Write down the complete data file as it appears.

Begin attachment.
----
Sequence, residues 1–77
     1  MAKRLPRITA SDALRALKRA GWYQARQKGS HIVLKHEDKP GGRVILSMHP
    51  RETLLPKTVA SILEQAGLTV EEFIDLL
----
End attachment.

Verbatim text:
Sequence, residues 1–77
     1  MAKRLPRITA SDALRALKRA GWYQARQKGS HIVLKHEDKP GGRVILSMHP
    51  RETLLPKTVA SILEQAGLTV EEFIDLL